Options for using Unity on Linux host

When using a Linux desktop, I often run into situations where I need Windows Office applications. While I am a fan of the Wine project, it does not support all the features that I need (for example: OneNote syncing with SharePoint/OneDrive).

As a result, using a Windows Virtual Machine is often unavoidable. The ideal situation is, however, that the virtualized Windows applications are integrated as much as possible within the Linux desktop environment. Recently I have been experimenting with the available options in this area.

Vmware Workstation 11 Unity (1) VirtualBox Seamless Virtual Machine + RDP (2) Wine (3)
HTML (formatted text) copy/paste No No Yes Yes
Image copy/paste Yes No Yes Yes
Guest windows in host taskbar Yes No Yes Yes
Stability Low (with Office 2016 a lot of glitches; unusable) High Low
(A lot of glitches. Also increased CPU load and lag)
(Glitches / crashes are common)

(1) I am listing explicitly Workstation 11 here. The unity feature was removed from VMWare Workstation for Linux per version 12.
(2) For the Virtual Machine + RDP solution I ran a Windows Server 2016 VM and used xfreerdp in my Linux host. The amount of glitches was quite high and every time your suspend/unsuspend your host system the xfreerdp needs to reconnect to your VM.
(3) Office in wine is not feature complete; for example OneNote does not have SharePoint/OneDrive sync.

With regards to performance:
Initially I thought that the VirtualBox approach would be faster than the VM+RDP due to the networking overhead. In reality, the responsiveness on a large screen (UHD resolution) was better with the VM+RDP than the native VirtualBox display. I haven’t compared the CPU loads, but I did get the impression that the VM+RDP is more expensive in CPU load.

Of all the options, the VM+RDP comes the closest to Linux integrated with a Windows desktop, if you can handle the glitches and increased CPU load. There currently is no perfect solution.

P.S.: this post does not cover the other way around: Windows 10 + WSL + X-server.

Split DNS when 53/udp is in use

Say that you’re doing a pentest/RT with one end of a device connected to 4G dongle and the other end connected to the target network via ethernet. In such cases you want the box to fetch updates via 4G and only use the ethernet for the security test. Split DNS tunneling is a solution. However, sometimes you may already have a process bound to port 53/udp that you don’t want to kill (e.g. a C&C server such as CS / MSF). Unfortunately /etc/resolv.conf does not allow you to specify a port on Linux (as far as I’m aware).

The following settings allow you to run dnsmasq on a different port but still work for a local resolver.

Dnsmasq step:

## vim /etc/dnsmasq.conf:

# Set the alternative port

# Ignore /etc/resolv.conf

# Upstream DNS for normal traffic

# Upstream DNS to resolve domain names for the security test

Local DNS resolver step:

## vim /etc/resolv.conf:

# Dummy nameserver. Will not be actually queried

Iptables step:

# Redirect the DNS queries towards the dummy server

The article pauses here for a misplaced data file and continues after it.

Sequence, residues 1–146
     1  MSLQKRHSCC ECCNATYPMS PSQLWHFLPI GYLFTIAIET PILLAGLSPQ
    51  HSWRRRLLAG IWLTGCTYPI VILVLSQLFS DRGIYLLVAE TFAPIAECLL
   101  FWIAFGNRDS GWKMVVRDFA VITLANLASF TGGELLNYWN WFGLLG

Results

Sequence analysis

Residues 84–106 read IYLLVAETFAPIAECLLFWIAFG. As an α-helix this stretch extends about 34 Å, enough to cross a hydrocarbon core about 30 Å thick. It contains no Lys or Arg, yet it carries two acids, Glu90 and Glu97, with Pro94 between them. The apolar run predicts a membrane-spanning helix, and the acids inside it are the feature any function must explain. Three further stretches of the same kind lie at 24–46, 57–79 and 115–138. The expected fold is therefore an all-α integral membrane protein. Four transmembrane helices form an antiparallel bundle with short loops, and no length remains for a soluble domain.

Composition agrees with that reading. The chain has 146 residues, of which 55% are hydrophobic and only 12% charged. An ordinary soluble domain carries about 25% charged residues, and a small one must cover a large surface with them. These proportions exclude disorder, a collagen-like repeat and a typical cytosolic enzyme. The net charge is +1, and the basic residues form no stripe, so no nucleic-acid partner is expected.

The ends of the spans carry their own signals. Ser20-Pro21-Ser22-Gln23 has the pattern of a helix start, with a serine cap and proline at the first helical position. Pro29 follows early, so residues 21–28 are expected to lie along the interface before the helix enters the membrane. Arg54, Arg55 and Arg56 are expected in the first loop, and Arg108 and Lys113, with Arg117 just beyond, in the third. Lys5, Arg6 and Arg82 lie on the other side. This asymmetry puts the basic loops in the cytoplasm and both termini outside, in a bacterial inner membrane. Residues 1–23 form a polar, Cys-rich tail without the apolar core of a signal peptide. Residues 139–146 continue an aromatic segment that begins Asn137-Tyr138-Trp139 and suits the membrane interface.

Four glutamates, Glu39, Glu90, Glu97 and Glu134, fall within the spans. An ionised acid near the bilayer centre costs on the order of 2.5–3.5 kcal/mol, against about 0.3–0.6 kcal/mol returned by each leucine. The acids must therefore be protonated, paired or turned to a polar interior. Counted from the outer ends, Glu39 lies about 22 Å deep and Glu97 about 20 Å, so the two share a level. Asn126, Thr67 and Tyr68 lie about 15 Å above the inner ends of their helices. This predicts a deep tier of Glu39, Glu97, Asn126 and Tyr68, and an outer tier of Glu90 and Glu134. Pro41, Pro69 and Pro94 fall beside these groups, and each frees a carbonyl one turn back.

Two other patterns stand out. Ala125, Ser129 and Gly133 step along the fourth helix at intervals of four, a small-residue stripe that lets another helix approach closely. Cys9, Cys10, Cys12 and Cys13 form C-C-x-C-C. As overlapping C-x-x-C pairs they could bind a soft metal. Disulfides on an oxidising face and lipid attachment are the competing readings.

# to go to the local dnsmasq instead
iptables -t nat -I OUTPUT --dst \
-p udp --dport 53 -j DNAT --to

PowerShell script to suspend Windows screensaver at specific locations

Say that you are working with two laptops side by side. You may not like the automatic screensaver kicking in on a laptop while you are momentarily working on the other, in particular if it requires a password to unlock. This may be especially true at certain locations that are trusted (e.g. home).

The following PowerShell script for Windows can be used for suspending the screensaver when you are connected to a specific Wi-Fi network.

$wsh = New-Object -ComObject WScript.Shell
# Idea to use WSH comes from: https://stackoverflow.com/questions/9794893/powershell-toggle-num-lock-on-and-off

while ($true) {
  $wifi = get-netconnectionprofile | Out-String -Stream | Select-String -Pattern ""
  if ($wifi) {
  Start-Sleep -Seconds 60

C2750D4I RMA in NL

I bought an ASRock C2750D4I motherboard for my NAS in October 2014. In March 2017, my board was struck by a firmware bug that involves the BMC flash storage being worn out too quickly because of a bug in the watchdog. This is a well-known issue.

Since my board died after more than two years, I was worried whether I could still get it RMA’ed. The shop where I bought the board stated I only had two years warranty.

Luckily, the folks at ASRock were very helpful. I discovered that (also) in The Netherlands you have three years warranty on the C2750D4I.

I received a replacement board from ASRock quickly. As of now, half a year later, the new board is still operating perfectly. I can only say that my RMA experience with ASRock has been positive.

Mapping Stuxnet on the ATT&CK framework

The MITRE ATT&CK framework is a great tool for blue teams.

As an exercise, I tried mapping the Stuxnet attack onto the ATT&CK framework. As a source, I used the excellent Symantec Stuxnet paper.


  • I tried cramming it all into one slide, sorry for that. Defense evasion is indeed that big.
  • There are multiple ways to do the mapping. There could also be mistakes (caveat emptor). I welcome any bugfixes.
  • The credential access row is empty, since from what I read it used the user’s credential token not their actual passwords. The exfiltration row is empty because the paper shows that this instance was primarily meant for infecting the SCADA systems. Of course, the malware was able (via its C&C connection) to have exfiltration modules, but these were not discussed.

PDF version: ATT&CK – Stuxnet.